The "exact translation" of the Latin pro multis  in Spanish is "per muchos" (for many) and not "per todos" (for all). This is the way it's translated through the Gospels, which is why  there is the order, obligation and desire to adhere to it.
Cardinal Sarah called this to mind that in the Roman Rite it was "always pro multis and never pro omnibus."
Text: Giuseppe Nardi
Image: Infovaticana
Trans: Tancred


Visitor said...

We already know that, Your Excellency but thank you for stating it publicly. It is discernable to everyone but an idiot that "multis" means "many" and not "all". One need not know Latin to know something so glaringly obvious. One need not be a brain surgeon either to know the reasons behind the attempted hijacking of Our Lord's words.

F said...

How far the rot has spread... we "hope" bishops won't twist Christ's own words!

Tony V said...
This comment has been removed by a blog administrator.
Tancred said...


Tony V said...

Not to worry, anyone can make a mistake. Here, I saved it for you to save you the trouble of undeleting:

The correct translation (“many” rather than “all”) is the oecumenically correct approach, since it is allows for an Augustinian, and indeed, a Calvinist interpretation. I’m no Calvinist myself, but we need to keep the universal in catholic.

Tancred said...

Not Universalist?

Brian said...

the slovak bishops did one better and retranslated the gospels to say for all to go with the for all in the mass

Anonymous said...

And Tony V needs to take a course in both logic and linguistics, not to say the Catholic Catechism. Not to speak of his muddled (heretical?) thinking that the True Church needs to worry about accommodating "a Calvinist interpretation" for ecumenical purposes. Since when is the Truth in need of accommodating those who deny it? What a putrid mentality lies behind such incoherent ruminations! RC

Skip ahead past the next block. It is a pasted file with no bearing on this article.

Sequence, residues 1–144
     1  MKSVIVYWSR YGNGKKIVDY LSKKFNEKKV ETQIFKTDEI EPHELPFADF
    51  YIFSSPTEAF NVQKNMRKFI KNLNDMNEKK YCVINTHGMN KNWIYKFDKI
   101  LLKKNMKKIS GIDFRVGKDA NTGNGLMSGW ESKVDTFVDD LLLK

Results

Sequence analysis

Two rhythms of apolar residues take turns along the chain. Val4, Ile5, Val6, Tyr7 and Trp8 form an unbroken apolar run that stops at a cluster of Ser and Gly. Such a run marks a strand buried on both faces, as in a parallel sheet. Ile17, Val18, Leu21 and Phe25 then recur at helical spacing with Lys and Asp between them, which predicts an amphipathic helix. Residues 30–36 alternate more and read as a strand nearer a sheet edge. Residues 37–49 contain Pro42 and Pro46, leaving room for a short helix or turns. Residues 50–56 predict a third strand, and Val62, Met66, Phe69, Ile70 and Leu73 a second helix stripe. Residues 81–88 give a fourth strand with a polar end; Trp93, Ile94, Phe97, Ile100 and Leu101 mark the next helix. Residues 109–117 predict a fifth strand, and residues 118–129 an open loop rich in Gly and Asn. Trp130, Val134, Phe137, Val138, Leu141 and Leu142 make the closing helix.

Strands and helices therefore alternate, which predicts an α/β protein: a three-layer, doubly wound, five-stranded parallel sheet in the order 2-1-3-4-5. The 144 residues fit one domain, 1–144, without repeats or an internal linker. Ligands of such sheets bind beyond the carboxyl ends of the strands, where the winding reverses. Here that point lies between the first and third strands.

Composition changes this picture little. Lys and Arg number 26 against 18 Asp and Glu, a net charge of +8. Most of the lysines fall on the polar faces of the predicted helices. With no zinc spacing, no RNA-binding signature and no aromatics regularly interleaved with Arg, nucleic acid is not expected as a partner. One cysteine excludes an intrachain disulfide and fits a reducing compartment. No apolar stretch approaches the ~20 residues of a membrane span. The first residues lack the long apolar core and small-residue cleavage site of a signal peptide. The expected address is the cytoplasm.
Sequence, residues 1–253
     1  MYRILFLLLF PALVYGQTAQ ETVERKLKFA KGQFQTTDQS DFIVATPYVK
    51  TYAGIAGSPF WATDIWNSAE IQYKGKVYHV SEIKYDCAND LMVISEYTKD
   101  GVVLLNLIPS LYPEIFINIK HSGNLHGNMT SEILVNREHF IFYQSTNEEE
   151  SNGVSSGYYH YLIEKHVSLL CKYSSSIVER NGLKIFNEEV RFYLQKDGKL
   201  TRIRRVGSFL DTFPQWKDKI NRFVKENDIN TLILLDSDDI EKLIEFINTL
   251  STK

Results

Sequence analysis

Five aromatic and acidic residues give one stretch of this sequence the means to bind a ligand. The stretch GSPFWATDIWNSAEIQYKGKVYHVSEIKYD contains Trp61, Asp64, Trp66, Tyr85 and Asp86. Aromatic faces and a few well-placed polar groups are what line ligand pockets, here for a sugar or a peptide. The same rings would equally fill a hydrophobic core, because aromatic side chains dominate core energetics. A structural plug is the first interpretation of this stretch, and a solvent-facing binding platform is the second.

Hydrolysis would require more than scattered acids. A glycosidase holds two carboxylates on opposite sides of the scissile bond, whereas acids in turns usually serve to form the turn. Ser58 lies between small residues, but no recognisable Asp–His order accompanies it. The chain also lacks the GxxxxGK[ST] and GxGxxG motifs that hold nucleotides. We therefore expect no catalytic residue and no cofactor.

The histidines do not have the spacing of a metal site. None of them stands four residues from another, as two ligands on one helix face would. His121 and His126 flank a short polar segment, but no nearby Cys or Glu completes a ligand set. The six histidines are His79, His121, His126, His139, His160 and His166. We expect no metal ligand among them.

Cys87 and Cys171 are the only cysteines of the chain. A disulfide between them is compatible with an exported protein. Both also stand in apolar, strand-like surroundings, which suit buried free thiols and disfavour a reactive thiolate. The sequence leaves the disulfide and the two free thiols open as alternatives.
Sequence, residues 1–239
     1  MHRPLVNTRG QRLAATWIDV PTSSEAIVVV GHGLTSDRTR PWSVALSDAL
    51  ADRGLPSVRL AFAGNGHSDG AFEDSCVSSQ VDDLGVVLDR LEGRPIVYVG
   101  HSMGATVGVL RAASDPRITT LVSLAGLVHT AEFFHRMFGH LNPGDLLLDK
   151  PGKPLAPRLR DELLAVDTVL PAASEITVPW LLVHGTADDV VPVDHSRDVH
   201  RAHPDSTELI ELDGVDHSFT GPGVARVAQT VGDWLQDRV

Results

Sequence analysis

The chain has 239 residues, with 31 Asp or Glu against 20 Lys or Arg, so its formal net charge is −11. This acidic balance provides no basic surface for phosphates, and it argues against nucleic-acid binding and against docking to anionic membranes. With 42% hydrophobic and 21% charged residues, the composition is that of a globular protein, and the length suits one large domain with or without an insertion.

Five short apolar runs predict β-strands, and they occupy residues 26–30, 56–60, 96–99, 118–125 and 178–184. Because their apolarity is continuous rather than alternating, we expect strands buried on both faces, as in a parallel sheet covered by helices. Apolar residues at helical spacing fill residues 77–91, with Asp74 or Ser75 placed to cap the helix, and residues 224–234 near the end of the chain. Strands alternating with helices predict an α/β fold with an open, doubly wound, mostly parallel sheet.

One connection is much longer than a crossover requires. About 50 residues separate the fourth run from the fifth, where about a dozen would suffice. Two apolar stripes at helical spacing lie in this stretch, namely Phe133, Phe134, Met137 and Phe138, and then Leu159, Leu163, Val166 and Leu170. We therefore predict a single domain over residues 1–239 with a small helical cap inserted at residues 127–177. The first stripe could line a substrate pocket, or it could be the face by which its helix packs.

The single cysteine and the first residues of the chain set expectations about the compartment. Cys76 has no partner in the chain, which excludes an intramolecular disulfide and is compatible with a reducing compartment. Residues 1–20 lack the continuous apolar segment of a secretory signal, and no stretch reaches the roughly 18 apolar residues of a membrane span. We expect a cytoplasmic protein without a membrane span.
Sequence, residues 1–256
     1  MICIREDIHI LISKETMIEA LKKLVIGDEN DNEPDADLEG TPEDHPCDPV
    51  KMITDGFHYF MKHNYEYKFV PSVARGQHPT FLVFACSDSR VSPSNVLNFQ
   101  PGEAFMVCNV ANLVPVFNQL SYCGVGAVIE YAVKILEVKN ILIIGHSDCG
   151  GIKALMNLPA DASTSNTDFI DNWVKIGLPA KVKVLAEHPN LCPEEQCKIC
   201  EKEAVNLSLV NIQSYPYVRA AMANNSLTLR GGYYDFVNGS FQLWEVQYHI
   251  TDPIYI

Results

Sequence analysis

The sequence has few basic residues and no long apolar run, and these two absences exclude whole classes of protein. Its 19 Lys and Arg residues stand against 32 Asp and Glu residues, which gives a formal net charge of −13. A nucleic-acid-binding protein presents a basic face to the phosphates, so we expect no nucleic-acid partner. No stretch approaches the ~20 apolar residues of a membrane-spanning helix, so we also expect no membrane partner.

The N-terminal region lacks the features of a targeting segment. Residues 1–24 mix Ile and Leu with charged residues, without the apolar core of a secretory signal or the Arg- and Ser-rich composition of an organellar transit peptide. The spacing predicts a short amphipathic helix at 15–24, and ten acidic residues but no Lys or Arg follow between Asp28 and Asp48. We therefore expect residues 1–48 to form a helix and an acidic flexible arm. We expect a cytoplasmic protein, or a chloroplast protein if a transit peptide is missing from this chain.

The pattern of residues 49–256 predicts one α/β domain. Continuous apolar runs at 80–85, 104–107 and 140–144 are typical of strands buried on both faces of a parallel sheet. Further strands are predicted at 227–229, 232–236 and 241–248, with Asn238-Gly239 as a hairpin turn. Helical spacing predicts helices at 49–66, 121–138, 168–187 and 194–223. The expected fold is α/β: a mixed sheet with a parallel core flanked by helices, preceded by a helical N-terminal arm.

Tancred said...

I looked at his blog and I have no idea where he's coming from.

jac said...

Keeping the universal in the RCC doesn't allow anyone to twist the words of our Lord for an ecumenical agenda.
The true ecumenism is to get the conversion of our separated brothers, not pleasing them in changing the dogmas so that they can stay forever in their heresies.

jac said...

Though I agree with the correst translation of "pro multis", I would like a pundit theologian to explain me why Jesus said "for many" instead of "for all".
Does this mean that our Lord beforehand excluded a part of the mankind from being in position to be saved through His sufferings, His shed Blood and His Death ?

Anonymous said...

I may be wrong but my understanding is that Our Lord was allowing for our own free will. He cannot make us be saved, and was reflecting the truth of this. Therefore 'for many' is logically correct as unfortunately some do not wish to make it, as they have chosen otherwise. Yours in Christ.

Jack said...

Yes, in this meaning they are those who deliberately choose to sin against the Spirit, "non serviam", the sin that will never be forgiven.

Anonymous said...

Check the Council of Trent for the reason 'for many' is used, and not 'for all'. The documents can be found online. God bless you.

Anonymous said...

The translation into Spanish of pro multis is not per. It should be por muchos.